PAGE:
Item 5: Remember that 0 and are false.

Item 5: Remember that and "" are false.

Because numeric and string data in Perl have the same scalar type, and because Boolean operations can be applied to any scalar value, Perl's test for logical truth has to work for both numbers and strings.

The basic test is this: and the empty string are false . Everything else is true.

More precisely, when a quantity is used in a " Boolean context" (a term sometimes used to refer to conditionals in control expressions, the ?: operator, , && , etc.), it is first converted to a string (see Item 6). The string result is then tested . If the result is the empty string, or a string consisting exactly of the single character "0" , the result is " false." Otherwise, the result is " true." Note that this rule means that undef will evaluate as false, because it always looks like the number or the empty string to everything except the defined operator. This generally works very well. If problems do arise, they are usually the result of testing a quantity to see if it is false when really it should be tested to see if it is undef :

Don't test for falsehood when you should be testing for undef .

 while ($file = <*>) {    do_something($file);  } 

WRONGwhat about a file named "0" ?

The code in this example works well almost all of the time. Each time through the loop, the fileglob <*> produces another filename from the current directory, which goes into $file . Once all the filenames in the directory have been enumerated, <*> returns undef , which appears to be the empty string and therefore false, causing the while loop to terminate.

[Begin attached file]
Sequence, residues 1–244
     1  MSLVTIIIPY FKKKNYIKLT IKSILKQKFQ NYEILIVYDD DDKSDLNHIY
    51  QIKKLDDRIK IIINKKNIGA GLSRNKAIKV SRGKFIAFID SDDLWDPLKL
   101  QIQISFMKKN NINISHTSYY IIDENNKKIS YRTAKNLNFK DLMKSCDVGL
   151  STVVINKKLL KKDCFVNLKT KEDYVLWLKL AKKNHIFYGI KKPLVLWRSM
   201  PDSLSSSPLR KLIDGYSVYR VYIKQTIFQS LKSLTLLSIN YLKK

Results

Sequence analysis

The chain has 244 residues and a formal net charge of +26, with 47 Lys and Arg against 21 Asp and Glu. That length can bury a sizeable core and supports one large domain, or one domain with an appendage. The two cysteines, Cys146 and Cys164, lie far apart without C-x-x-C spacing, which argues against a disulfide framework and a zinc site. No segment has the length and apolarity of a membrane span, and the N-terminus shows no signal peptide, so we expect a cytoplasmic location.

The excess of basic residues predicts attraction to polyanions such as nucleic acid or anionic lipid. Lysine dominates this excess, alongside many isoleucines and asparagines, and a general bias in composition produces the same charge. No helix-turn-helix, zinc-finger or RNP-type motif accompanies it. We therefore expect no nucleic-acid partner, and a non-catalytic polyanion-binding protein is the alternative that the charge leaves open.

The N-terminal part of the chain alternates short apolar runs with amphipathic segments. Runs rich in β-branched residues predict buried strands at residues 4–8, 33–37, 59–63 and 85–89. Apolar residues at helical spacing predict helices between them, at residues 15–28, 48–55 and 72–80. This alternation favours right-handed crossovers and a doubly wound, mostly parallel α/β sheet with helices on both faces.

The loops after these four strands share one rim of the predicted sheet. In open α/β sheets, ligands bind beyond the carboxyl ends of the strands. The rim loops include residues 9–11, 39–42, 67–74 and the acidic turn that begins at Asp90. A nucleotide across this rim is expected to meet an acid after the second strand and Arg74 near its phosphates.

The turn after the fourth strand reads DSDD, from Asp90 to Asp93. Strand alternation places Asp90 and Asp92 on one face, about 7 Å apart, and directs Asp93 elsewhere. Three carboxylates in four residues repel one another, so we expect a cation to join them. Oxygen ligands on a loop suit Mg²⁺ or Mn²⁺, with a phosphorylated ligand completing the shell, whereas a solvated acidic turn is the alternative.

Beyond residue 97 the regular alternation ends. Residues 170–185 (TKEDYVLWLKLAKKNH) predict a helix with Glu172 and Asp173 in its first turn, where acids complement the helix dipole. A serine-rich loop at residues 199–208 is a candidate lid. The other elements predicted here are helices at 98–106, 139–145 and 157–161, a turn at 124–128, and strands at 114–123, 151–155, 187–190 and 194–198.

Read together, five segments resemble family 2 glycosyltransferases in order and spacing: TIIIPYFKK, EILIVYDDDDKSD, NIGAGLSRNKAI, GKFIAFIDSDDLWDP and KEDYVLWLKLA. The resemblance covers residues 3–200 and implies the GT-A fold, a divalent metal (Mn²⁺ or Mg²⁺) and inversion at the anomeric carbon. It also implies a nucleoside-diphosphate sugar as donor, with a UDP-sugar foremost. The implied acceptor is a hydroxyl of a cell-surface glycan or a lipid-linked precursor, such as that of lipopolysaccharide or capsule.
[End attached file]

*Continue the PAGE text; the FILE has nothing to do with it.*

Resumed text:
There is one problem, though. If there is a file named in the current directory, it also appears to be false, causing the loop to terminate early. To avoid this, use the defined operator to test specifically for undef :

Use the defined operator to test for undef .

 while (defined($file = <*>)) {    do_something($file);  } 

CORRECTloop now terminates only when <*> returns undef .

You may also need to use a different strategy when testing to see if an element is present inside a hash. undef is a perfectly acceptable value in a hash:

Suppose %hash is undefined to start.

 if ($hash{'foo'}) { ... }  if (defined($hash{'foo'})) { ... } 



 $hash{'foo'} = undef;  if (defined($hash{'foo'})) { ... }  print keys %hash; 

Assign an undef value.

Still FALSE.


The exists operator can determine whether a particular key is present, even if the corresponding value in the hash is undef :

Continued from above:

 if (exists($hash{'foo'})) { ... } 


Effective Perl Programming. Writing Better Programs with Perl
Effective Perl Programming: Writing Better Programs with Perl
ISBN: 0201419750
EAN: 2147483647
Year: 1996
Pages: 116

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